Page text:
Continuing further, he said, “Edward had managed to wring an annual allowance of $34,858 (£25,000) — equivalent to just over $ 2.43 million (£1.75 million) in today's much devalued currency — and a lump sum of $418,225 (£300,000) (about £21 million now) in exchange for the royal residences of Sandringham and Balmoral. But still Edward kept pestering his brother, now the King, for more financial support... until, eventually, George told his staff not to put through any more phone calls from the Duke of Windsor.”
To make his point clearer, Lawson quoted historian Andrew Roberts, who had said, “The way in which some very rich people consider themselves to be strapped for cash is an interesting psychological phenomenon, and it is particularly to be found among members of the royal families.” He then went on to say how the late 1936 event was “most unusual” as it “propelled the younger brother into the position of power and the elder brother into that of petitioner. The tradition of the British aristocracy is that the firstborn son gets everything: the title, the estates, and all the income that they generate.”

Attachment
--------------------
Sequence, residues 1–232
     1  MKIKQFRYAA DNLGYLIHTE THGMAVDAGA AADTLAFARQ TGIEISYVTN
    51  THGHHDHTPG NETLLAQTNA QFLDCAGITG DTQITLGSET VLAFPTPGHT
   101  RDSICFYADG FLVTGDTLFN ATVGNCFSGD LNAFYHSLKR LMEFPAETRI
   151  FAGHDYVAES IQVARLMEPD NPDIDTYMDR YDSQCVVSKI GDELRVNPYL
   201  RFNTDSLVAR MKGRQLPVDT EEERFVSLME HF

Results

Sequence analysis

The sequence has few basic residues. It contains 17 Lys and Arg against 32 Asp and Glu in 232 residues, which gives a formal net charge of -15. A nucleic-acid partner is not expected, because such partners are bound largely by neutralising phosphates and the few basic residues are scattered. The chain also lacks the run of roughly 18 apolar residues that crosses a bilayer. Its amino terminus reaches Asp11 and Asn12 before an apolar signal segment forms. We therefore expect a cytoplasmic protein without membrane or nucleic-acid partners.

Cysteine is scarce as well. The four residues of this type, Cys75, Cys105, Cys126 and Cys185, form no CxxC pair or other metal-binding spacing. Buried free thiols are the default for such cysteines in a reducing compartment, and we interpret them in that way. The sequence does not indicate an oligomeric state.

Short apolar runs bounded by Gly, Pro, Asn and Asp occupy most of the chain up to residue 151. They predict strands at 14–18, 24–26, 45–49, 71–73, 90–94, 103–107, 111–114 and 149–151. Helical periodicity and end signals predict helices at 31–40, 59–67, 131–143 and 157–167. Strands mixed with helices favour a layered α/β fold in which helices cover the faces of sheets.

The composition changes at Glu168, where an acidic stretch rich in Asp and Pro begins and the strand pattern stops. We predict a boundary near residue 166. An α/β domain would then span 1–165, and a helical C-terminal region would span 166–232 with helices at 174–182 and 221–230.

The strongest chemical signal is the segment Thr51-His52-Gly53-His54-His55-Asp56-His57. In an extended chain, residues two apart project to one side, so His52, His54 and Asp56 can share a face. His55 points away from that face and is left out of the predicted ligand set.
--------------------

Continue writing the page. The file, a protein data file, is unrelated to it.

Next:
Lawson then pointed out the contradiction in Harry’s case since he is the younger brother, who has left the Palace by his own choice, but expects everything and gets frustrated after his expectations do not get fulfilled. “The difference of status between William and Harry could also be seen, more domestically, by the fact that when he and Meghan lived at Kensington Palace, they [William and Kate] occupied the relatively small Nottingham Cottage, while the Cambridges had the much grander Apartment 1A. And, once William became a father, Prince Harry was no longer even the 'spare' (as in 'the heir and the spare' — the term used in English landed families for two male offspring). The line of succession, through the Cambridges' own children, required no input from him. This matter of status does seem to bother Prince Harry, despite his view, as told to Oprah Winfrey, that he is glad to have escaped the system which he claims has 'trapped' his father and brother,” he mentioned.